Passing by the lifts, I think that they look dissatisfied. The chairs and handles hang around without drive, and the snow blowers look bored. Crazy year, that is.
Die Terrasse der Jagahütte sieht einladend aus, aber mich zieht es weiter hoch zum Gipfelkreuz des Rosskopf. Mehrfach schon war ich hier, vor allem im Winter, meist jedoch von der anderen Seite aufsteigend. Heute komme ich vom westlichen Grat heran und musss feststellen, dass oben weniger Schatten und somit weniger Schnee anzutreffen sind.
The banks at the terrace of the Jagahütte look inviting, but I decide to continue up to the peak of the Rosskopf. Quite some times I have been here already, mostly coming from the other side. Today, I take the way that follows the ridge from the West. The sun is great and such is the feeling of success, knowing that I have made it up here all on my own and with my very own touring skis. The latter become useless on the last metres, due to the lack of snow on the sunny top. Brand new or not, I leave them behind and walk up to the cross for views and pictures.
Bergab wird spannend: Wie sich die Ski wohl fahren und kontrollieren lassen? So butterweich-langlauf-artig wie die geliehenen im vorletzten Winter? Räume ich reihenweise heraufkommende Tourengeher auf dem Ziehweg ab, oder kann ich Tempo und Richtung halbwegs steuern? Vielleicht sollte ich einfach Schuss fahren und dabei laut rufen „Ich kann nicht bremsen!!“
Usually, I am an experienced skier and have fantastic all-mountain-skis. Parked in my basement for the time being. How will it be with the touring ski – will speed and direction be sorted out by superior powers or by me and miraculous muscle-guidance? Perhaps I should just let go and scream something like “Caution, this is out of control!”
Es kommt so, wie es typisch für mich ist: Ich rutsche (und kante) laut lachend das Steilstück der schwarzen Piste runter, jederzeit nahezu im Vollbesitz meiner Kräfte. Und der Rest (rote Piste) ist ein Spaziergang. Nur der rechte Skischuh und mein Fuß sind sich noch nicht grün – eher blau… Da werde ich noch an den Einstellungen arbeiten. Ansonsten ist es toll: weitgehend freie Pisten, die Sonne lacht und der Schnee ist nur noch halb so eisig wie zu Tagesbeginn.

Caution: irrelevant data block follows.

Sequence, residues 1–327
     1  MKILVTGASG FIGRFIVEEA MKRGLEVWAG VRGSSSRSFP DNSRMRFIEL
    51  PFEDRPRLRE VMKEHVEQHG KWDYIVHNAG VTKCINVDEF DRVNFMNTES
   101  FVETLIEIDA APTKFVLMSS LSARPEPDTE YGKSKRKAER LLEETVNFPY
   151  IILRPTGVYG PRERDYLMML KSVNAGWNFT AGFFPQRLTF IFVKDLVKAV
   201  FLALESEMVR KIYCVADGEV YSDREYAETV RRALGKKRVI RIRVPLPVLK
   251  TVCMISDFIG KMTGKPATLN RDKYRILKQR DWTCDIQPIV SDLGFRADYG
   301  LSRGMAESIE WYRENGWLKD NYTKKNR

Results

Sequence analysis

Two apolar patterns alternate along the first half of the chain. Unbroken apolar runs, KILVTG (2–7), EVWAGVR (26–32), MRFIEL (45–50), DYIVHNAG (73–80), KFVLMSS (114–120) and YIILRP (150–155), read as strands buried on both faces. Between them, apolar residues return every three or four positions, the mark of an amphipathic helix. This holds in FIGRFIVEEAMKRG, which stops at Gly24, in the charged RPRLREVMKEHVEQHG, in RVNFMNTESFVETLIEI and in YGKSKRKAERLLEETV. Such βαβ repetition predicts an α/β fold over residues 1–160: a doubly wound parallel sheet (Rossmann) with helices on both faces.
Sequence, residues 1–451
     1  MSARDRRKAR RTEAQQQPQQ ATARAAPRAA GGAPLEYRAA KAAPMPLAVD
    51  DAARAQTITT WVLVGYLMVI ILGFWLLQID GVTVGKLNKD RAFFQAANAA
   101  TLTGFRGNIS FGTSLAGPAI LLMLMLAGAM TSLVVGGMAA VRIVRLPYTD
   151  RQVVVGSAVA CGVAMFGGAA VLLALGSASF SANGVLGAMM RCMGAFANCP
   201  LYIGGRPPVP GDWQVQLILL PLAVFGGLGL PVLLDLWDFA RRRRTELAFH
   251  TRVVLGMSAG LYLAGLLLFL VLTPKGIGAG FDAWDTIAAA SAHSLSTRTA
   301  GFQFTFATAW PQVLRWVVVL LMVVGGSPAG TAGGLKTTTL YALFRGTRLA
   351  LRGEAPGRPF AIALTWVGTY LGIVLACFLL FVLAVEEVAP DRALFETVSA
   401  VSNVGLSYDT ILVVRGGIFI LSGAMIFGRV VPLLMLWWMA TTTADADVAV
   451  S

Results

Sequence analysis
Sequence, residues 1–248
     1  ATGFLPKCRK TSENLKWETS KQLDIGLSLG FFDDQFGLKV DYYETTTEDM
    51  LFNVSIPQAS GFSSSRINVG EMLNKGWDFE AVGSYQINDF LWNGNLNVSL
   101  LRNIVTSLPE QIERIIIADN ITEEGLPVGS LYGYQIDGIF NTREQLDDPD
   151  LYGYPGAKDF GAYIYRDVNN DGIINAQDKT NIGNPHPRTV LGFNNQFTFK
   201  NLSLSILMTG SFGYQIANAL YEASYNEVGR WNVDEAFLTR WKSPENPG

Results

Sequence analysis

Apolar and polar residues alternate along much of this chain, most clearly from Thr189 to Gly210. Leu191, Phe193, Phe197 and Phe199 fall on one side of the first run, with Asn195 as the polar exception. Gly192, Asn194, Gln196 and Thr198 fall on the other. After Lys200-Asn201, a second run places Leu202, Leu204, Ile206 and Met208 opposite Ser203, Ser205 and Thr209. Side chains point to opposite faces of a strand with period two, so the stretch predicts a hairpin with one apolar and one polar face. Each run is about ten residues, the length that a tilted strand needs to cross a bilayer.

Schnell bin ich wieder im Tal und freue ich – meine erste Skitour mit eigenem Equipment! Endlich wieder Bewegung, Aussicht und Sonne. Umgeben von anderen, die genauso sportlich oder bekloppt sind wie ich.
Eventually, I half slide, half cant the steep part of the black slope, almost all the time in full control. The rest of the downhill distance is a piece of cake: a regularly red slope (mostly harmless) with hardly any skiers around. The sun softens the snow just slightly, yet enough for a comfortable ride. If not for the boot that fights the natural form of my right foot, it would be fantastic. In fact, it really is fantastic – here I am, in this strange winter, in the snow and on my skis. It takes hours until I stop smiling.
Winter time is ideal for some caretaking, seeking endless youth for brave little Hector. On the other hand, winter comes with frosty temperatures, leading to: nothing. I turn the engine, but the engine doesn’t turn. So much for my detailed time schedule.
Fortunately, I face the cold season this year with a 50m power cable and a climbing rope. The one leads to the other and leads it down from my balcony, bringing my socket closer to my van. After a night with best green electricity, Hector is fully charged and ready to go.